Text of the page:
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training for size

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    training for size


    Been strength training & power training for years but arthritis in the left shoulder has put a stop to heavy lifting. Got into bodybuilding for size now. Ive had to lighten my weights but train hard & adding more reps.. 10-15, at 45sec.-1min rest periods. Is that the correct approach to take?

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    Rep ranges don't generally determine hypertrophy.

    You want size? It's something primarily depends on the kitchen.

    Training each movement twice a week with high and low reps are what I have found to be generally better.
    Former Marine, UT-BSN, NSCA-CPT, NASM-CPT, CSCS
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    Eccentric!
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    Quote Originally Posted by kingk0ng
    Rep ranges don't generally determine hypertrophy.


    Yes they do buddy ol pal.
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    And yes, dup is a better way of training if you want to take a non linear approach.
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    Quote Originally Posted by jbryand101b View Post
    Yes they do dumb ass.
    how to become a rep?
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    I was joking, but fixed, in both threads.
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    Quote Originally Posted by jbryand101b View Post
    Yes they do buddy ol pal.
    So if I perform a desired set of reps with the bar I'll grow? Even if I'm eating in a caloric deficit? I hope you see my point.

    Contraction and recovery determine hypertrophy, not rep range. Sets aren't even taken into those discussions.

    What is better? 10 reps with the bar or 5 reps with 300lbs? My point exactly.

    Typical gym myths. I thought everyone knew better than that now.
    Former Marine, UT-BSN, NSCA-CPT, NASM-CPT, CSCS
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    Quote Originally Posted by jbryand101b View Post
    I was joking, but fixed, in both threads.
    No need. I just love poking you from time to time
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    Quote Originally Posted by David Dunn
    No need. I just love poking you from time to time
    I guess they threw out the "don't ask, don't tell" policy here as well ;-) hope you use lube!
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    Quote Originally Posted by kingk0ng

    So if I perform a desired set of reps with the bar I'll grow? Even if I'm eating in a caloric deficit? I hope you see my point.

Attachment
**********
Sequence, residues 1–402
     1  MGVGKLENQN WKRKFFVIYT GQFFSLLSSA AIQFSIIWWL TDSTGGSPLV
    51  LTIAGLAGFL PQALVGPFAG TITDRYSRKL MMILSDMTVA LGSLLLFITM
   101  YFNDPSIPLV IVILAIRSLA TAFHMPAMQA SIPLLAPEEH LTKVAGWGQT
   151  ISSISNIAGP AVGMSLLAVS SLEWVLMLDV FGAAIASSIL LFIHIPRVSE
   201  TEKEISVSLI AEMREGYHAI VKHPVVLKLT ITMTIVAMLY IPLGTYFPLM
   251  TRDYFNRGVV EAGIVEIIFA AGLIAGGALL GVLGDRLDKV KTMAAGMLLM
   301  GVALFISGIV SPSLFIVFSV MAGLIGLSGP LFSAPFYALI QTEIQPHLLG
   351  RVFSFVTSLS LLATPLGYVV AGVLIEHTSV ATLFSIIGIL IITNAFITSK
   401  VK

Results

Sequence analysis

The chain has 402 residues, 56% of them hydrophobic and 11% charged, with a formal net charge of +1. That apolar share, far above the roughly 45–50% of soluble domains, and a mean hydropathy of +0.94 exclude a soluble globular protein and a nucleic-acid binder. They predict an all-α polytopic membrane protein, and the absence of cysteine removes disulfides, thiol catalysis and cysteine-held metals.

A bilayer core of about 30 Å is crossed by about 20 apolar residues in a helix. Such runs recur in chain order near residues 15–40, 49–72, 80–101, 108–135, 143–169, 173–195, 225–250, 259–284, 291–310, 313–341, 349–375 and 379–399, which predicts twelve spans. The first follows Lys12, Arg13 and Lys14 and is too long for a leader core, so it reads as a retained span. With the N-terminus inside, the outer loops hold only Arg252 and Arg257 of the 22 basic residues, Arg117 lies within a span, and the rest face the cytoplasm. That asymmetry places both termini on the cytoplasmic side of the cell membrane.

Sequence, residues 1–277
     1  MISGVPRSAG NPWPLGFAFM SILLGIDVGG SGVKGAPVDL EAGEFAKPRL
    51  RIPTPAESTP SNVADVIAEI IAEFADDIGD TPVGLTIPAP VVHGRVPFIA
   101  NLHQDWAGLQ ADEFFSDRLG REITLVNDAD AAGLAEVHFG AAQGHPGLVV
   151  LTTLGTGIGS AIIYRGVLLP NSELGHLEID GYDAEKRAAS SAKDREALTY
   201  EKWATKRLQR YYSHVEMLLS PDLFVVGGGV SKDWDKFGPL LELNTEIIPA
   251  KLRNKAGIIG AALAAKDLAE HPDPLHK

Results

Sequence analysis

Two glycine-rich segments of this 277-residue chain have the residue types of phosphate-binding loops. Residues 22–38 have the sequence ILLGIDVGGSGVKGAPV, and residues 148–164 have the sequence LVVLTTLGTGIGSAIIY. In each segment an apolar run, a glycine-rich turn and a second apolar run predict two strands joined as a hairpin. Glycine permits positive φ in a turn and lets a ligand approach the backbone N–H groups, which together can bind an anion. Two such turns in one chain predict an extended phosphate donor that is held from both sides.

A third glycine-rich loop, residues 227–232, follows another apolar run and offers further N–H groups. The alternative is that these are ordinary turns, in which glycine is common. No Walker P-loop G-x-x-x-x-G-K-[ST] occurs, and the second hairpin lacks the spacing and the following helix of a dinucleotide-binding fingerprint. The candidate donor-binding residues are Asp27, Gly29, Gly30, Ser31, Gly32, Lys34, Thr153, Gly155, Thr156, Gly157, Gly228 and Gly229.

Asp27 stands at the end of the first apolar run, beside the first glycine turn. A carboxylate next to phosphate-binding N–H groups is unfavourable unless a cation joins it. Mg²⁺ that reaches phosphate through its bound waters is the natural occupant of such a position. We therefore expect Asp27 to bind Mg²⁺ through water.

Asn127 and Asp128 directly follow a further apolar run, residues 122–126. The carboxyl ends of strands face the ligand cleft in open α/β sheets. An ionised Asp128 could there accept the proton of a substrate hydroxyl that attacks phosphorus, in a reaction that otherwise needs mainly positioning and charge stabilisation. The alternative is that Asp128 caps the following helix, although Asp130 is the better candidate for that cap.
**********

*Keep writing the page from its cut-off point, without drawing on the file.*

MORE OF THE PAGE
Contraction and recovery determine hypertrophy, not rep range. Sets aren't even taken into those discussions.

    What is better? 10 reps with the bar or 5 reps with 300lbs? My point exactly.

    Typical gym myths. I thought everyone knew better than that now.
    Yea but that's like saying with out sun and rain the grass can't grow. That's a given. Ur food is the bricks the supplements and tools use in the gym are the builders. What were talking about here is what is the optimal rep range for the most size. In other words what's the most efficient way to add size? Honestly I believe there is no answer. I mean there are answers but not just one. Everyone responds differently.
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    Quote Originally Posted by hugry4more View Post
    Yea but that's like saying with out sun and rain the grass can't grow. That's a given. Ur food is the bricks the supplements and tools use in the gym are the builders. What were talking about here is what is the optimal rep range for the most size. In other words what's the most efficient way to add size? Honestly I believe there is no answer. I mean there are answers but not just one. Everyone responds differently.
    I'm a firm believer that you would be better off training both high and low reps than just training one. Sarcoplasmic and myofibrillar hypertrophy is the goal in the end. Myofibrillar is the thickest form of hypertrophy and is stimulated better with low reps, but sarcoplasmic hypertrophy accounts for a lot of the fluids that determine the appearance of the larger muscle and is generally found to be better with high reps.

    Another thing is your fiber makeups. I think if you train your strength, endurance and power fibers versus solely focusing on one or the other, you'd be better off, but on the subject to which is better the subject is void because there are a lot of people that base their philosophy on low reps and a lot that base their philosophy on high reps.

    If I could do ONLY one, I'd probably do high reps as an advanced lifter and low reps as a novice.
    Former Marine, UT-BSN, NSCA-CPT, NASM-CPT, CSCS
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    Quote Originally Posted by kingk0ng

    So if I perform a desired set of reps with the bar I'll grow? Even if I'm eating in a caloric deficit? I hope you see my point.

    Contraction and recovery determine hypertrophy, not rep range. Sets aren't even taken into those discussions.

    What is better? 10 reps with the bar or 5 reps with 300lbs? My point exactly.

    Typical gym myths. I thought everyone knew better than that now.
    Now you are paying the what if game, wich is lame.

    What if I ran superdrol and lifted one a week while taking a low cal diet, will I grow then? Gay.